‘Cytology-on-a-chip’ based sensors for monitoring of potentially malignant oral lesions

Timothy J. Abram, Pierre N. Floriano, Nicolaos Christodoulides, Robert James, A. Ross Kerr, Martin H. Thornhill, Spencer W. Redding, Nadarajah Vigneswaran, Paul M. Speight, Julie Vick, Craig Murdoch, Christine Freeman, Anne M. Hegarty, Katy D'Apice, Joan A. Phelan, Patricia M. Corby, Ismael Khouly, Jerry Bouquot, Nagi M. Demian, Y. Etan WeinstockStephanie Rowan, Chih Ko Yeh, H. Stan McGuff, Frank R. Miller, Surabhi Gaur, Kailash Karthikeyan, Leander Taylor, Cathy Le, Michael Nguyen, Humberto Talavera, Rameez Raja, Jorge Wong, John T. McDevitt

Research output: Contribution to journalArticlepeer-review

27 Scopus citations


Despite significant advances in surgical procedures and treatment, long-term prognosis for patients with oral cancer remains poor, with survival rates among the lowest of major cancers. Better methods are desperately needed to identify potential malignancies early when treatments are more effective. Objective To develop robust classification models from cytology-on-a-chip measurements that mirror diagnostic performance of gold standard approach involving tissue biopsy. Materials and methods Measurements were recorded from 714 prospectively recruited patients with suspicious lesions across 6 diagnostic categories (each confirmed by tissue biopsy -histopathology) using a powerful new ‘cytology-on-a-chip’ approach capable of executing high content analysis at a single cell level. Over 200 cellular features related to biomarker expression, nuclear parameters and cellular morphology were recorded per cell. By cataloging an average of 2000 cells per patient, these efforts resulted in nearly 13 million indexed objects. Results Binary “low-risk”/“high-risk” models yielded AUC values of 0.88 and 0.84 for training and validation models, respectively, with an accompanying difference in sensitivity + specificity of 6.2%. In terms of accuracy, this model accurately predicted the correct diagnosis approximately 70% of the time, compared to the 69% initial agreement rate of the pool of expert pathologists. Key parameters identified in these models included cell circularity, Ki67 and EGFR expression, nuclear-cytoplasmic ratio, nuclear area, and cell area. Conclusions This chip-based approach yields objective data that can be leveraged for diagnosis and management of patients with PMOL as well as uncovering new molecular-level insights behind cytological differences across the OED spectrum.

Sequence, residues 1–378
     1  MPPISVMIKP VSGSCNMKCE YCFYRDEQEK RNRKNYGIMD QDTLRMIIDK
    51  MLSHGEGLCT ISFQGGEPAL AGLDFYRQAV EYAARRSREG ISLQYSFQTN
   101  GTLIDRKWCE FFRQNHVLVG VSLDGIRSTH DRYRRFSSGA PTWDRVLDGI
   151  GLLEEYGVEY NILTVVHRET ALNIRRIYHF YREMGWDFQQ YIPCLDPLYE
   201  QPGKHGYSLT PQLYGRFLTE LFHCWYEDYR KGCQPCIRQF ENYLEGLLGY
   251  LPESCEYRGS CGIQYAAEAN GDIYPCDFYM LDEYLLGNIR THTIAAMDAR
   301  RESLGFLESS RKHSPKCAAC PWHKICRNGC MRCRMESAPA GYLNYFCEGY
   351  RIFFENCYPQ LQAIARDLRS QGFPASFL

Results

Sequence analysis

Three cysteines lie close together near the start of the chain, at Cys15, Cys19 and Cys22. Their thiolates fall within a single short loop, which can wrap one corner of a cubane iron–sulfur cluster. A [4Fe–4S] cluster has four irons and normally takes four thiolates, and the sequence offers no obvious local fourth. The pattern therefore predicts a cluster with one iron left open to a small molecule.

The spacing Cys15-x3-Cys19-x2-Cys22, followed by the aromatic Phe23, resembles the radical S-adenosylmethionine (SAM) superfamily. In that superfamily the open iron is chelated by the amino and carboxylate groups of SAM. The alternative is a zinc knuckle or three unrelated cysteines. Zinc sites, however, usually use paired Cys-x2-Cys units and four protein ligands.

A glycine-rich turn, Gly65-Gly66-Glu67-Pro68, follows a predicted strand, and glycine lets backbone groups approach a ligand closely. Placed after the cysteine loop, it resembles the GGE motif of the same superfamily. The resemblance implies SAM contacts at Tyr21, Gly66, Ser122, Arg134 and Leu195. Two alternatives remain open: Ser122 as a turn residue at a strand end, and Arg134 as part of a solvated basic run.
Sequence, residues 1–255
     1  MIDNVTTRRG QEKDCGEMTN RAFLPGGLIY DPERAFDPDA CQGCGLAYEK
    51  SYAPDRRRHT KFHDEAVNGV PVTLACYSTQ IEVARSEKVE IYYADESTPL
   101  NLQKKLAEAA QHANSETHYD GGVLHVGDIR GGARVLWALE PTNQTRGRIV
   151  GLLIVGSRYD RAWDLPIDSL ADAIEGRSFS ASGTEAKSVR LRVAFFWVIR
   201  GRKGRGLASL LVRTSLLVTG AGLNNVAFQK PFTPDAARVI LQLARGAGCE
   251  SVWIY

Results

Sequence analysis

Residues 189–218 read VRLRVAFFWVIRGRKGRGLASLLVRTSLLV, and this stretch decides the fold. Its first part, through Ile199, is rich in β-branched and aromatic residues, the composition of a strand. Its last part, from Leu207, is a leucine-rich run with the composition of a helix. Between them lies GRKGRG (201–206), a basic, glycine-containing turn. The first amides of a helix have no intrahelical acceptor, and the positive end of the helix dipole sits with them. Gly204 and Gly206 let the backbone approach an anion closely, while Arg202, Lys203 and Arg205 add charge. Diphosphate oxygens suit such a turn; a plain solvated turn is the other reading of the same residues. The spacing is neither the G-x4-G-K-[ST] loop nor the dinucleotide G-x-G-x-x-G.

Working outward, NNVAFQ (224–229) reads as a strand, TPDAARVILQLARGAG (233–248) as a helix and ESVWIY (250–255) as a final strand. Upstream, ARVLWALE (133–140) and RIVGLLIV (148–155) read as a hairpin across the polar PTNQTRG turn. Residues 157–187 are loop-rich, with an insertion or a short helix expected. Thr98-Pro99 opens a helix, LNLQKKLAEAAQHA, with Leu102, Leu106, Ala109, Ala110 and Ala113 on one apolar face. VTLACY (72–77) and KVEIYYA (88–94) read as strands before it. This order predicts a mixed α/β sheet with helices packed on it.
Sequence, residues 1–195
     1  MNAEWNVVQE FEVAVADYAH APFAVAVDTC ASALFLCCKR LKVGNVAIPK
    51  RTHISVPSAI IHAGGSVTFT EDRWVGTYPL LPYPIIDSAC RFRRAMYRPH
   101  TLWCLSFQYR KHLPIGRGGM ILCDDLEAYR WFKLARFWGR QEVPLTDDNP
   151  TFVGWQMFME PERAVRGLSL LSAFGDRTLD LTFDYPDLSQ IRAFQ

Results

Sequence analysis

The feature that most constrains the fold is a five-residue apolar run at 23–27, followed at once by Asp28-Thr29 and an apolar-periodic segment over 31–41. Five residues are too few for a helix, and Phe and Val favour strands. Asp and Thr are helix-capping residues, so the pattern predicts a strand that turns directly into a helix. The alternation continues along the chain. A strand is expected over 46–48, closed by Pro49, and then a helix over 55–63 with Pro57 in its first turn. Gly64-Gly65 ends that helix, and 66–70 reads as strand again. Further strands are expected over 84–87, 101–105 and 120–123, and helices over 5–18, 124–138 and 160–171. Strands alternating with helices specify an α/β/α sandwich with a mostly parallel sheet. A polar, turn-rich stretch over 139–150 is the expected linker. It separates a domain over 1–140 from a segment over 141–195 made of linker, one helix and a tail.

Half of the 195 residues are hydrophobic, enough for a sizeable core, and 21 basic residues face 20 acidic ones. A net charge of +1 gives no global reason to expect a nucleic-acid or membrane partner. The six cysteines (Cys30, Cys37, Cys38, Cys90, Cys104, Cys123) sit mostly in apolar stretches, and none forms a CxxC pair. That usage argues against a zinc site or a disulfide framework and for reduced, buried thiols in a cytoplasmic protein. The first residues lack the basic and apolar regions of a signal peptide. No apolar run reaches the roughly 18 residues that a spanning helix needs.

Original languageEnglish (US)
Pages (from-to)103-111
Number of pages9
JournalOral Oncology
StatePublished - Sep 1 2016


  • Cytology
  • High content analysis
  • Machine learning
  • Microfluidic
  • Oral cancer
  • Oral epithelial dysplasia
  • Random forest

ASJC Scopus subject areas

  • Oral Surgery
  • Oncology
  • Cancer Research


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